## If X2 + Mx + M Is A Perfect-Square Trinomial, Which Equation Must Be True?

Question

1. When it comes to perfect-square trinomials, the equation “X2 Mx M” is a classic example. This type of equation is often used to illustrate basic algebra concepts, such as factoring and solving for unknowns. To determine which equation must be true in order for this trinomial to be considered a perfect-square, it’s important to understand how perfect-squares are formed.

At its core, a perfect-square trinomial consists of three terms that result in the square of a binomial when simplified. In other words, if X2 Mx M is a perfect square trinomial, then (X + M)2 must equal X2 + 2MX +M2. This means that the following equation must be true: 2M = 0.

2. Did you know that if X2 + Mx + M is a perfect-square trinomial, then there must be an equation that is true?

It’s true! A perfect-square trinomial is a polynomial in which all the terms are perfect squares. For example, x2 + 6x + 4, is a perfect-square trinomial because all of the terms are perfect squares (x2, 6x, and 4).

So, if X2 + Mx + M is a perfect-square trinomial, then the equation that must be true is M2 = 4M. This equation is true because it states that the constant in the trinomial (M) must be a perfect square, which is necessary for a perfect-square trinomial.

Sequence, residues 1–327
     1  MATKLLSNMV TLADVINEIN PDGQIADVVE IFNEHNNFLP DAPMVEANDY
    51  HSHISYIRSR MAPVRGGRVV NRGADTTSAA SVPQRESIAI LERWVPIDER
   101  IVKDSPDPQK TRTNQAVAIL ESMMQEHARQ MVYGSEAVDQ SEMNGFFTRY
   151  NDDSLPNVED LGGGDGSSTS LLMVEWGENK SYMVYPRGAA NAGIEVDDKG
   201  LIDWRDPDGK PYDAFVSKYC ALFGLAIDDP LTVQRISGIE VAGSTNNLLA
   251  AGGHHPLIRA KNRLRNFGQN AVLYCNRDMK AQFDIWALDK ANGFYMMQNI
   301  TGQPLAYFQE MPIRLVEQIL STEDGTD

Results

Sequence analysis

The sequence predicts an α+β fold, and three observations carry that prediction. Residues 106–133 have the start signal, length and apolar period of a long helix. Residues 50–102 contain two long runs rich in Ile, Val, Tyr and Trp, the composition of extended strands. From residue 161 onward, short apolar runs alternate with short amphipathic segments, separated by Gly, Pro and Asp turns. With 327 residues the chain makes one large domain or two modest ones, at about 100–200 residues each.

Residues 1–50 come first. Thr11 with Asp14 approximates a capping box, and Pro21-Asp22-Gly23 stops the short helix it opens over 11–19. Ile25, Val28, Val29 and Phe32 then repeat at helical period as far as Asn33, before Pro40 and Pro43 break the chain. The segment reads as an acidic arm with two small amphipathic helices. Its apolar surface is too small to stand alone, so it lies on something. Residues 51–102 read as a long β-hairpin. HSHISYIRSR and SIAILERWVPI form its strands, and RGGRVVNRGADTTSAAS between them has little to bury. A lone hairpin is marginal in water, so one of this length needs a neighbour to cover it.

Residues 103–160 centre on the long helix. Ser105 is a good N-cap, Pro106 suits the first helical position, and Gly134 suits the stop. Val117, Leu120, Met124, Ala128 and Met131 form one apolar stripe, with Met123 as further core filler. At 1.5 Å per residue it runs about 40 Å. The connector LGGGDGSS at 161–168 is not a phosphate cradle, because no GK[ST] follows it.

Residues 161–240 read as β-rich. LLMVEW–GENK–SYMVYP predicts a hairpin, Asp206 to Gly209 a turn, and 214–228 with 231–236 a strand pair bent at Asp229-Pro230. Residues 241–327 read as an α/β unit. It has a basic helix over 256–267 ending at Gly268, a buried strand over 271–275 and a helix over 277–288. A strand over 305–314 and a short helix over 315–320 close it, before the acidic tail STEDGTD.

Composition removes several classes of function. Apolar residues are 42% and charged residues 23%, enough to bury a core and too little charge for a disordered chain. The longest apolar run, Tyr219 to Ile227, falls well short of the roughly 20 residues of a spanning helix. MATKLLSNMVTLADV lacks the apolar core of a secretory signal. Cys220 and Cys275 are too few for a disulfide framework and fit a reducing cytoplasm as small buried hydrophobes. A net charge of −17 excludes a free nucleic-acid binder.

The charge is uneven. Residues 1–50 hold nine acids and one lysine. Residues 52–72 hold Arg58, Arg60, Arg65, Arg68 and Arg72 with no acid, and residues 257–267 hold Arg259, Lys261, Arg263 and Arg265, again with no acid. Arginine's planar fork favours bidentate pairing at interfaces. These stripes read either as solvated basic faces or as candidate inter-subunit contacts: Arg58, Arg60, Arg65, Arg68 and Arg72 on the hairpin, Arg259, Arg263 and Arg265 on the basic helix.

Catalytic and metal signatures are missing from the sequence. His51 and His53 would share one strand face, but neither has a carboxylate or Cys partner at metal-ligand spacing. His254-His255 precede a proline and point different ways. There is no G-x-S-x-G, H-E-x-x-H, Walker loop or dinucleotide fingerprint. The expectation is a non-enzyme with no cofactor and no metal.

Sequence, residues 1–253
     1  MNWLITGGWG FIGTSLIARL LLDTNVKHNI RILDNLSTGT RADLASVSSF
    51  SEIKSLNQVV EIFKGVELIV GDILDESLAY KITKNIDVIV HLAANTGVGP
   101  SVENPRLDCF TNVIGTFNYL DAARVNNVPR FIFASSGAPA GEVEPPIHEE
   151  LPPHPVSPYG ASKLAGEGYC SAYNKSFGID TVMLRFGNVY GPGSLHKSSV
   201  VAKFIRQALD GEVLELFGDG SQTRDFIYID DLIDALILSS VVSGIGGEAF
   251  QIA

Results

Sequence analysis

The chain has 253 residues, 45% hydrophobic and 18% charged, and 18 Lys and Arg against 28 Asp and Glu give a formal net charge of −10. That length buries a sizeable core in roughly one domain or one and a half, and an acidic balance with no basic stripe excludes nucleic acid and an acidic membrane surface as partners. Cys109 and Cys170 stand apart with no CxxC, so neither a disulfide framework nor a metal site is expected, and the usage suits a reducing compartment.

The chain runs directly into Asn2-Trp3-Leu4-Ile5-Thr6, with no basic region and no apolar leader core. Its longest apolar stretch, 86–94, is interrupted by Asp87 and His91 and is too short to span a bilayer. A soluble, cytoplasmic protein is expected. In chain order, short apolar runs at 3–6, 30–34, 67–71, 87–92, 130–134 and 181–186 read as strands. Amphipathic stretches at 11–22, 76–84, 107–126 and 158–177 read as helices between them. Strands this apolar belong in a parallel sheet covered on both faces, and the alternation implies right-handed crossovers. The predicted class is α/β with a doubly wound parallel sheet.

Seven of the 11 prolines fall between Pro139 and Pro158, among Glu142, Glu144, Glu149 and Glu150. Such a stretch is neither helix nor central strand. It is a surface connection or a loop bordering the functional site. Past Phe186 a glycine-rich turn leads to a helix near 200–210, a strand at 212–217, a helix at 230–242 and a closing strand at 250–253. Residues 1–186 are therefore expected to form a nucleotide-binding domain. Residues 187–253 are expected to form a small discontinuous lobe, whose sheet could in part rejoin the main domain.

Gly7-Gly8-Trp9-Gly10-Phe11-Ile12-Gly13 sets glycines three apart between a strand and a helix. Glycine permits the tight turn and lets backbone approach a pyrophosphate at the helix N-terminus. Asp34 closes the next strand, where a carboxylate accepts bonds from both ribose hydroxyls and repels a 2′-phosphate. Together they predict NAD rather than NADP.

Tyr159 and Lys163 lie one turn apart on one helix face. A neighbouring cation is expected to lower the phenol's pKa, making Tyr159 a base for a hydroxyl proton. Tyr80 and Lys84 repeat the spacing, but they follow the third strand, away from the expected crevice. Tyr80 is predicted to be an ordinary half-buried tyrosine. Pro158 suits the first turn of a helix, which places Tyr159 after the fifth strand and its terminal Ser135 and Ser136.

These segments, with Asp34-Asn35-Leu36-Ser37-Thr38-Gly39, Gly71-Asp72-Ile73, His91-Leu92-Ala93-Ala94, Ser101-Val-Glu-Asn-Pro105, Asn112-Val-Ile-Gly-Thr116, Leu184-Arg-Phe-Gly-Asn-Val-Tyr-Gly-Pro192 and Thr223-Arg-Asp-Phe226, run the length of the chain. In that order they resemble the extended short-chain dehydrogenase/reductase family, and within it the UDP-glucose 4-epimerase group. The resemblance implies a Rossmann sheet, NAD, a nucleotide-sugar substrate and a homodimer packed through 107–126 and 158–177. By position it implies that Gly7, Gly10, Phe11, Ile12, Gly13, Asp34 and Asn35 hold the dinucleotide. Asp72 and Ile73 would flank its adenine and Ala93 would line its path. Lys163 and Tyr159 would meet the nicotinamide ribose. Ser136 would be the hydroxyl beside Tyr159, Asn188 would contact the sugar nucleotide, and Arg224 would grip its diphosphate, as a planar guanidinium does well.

To make things simpler, let’s look at an example. Say, X2 + 8x + 16 is a perfect-square trinomial. Then, the equation that must be true is 82 = 4(8). And yes, this is true, which means the trinomial is actually a perfect-square trinomial.

Now that you know what the equation is, you should also know that it can be used to solve for M. All you have to do is take the square root of both sides of the equation to get M = ±4. Then, you can use this value of M to solve for X in the trinomial.

So, there you have it! If X2 + Mx + M is a perfect-square trinomial, then the equation that must be true is M2 = 4M. With this equation, you can solve for M and X to find the values of the trinomial.